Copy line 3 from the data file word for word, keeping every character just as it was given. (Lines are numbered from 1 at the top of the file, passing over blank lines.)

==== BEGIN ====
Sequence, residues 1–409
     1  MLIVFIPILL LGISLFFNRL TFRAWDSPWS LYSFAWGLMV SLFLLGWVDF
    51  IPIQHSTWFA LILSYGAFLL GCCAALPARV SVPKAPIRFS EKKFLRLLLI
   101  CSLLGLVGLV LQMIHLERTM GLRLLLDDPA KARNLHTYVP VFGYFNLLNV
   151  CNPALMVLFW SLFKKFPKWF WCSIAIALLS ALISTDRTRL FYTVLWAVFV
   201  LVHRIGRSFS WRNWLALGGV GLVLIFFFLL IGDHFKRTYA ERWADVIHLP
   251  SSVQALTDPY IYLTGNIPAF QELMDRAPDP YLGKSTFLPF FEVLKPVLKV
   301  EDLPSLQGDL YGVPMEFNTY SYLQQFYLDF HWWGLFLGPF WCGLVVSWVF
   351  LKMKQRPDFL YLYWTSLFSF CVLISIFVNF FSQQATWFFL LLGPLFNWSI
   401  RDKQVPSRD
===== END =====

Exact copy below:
    51  IPIQHSTWFA LILSYGAFLL GCCAALPARV SVPKAPIRFS EKKFLRLLLI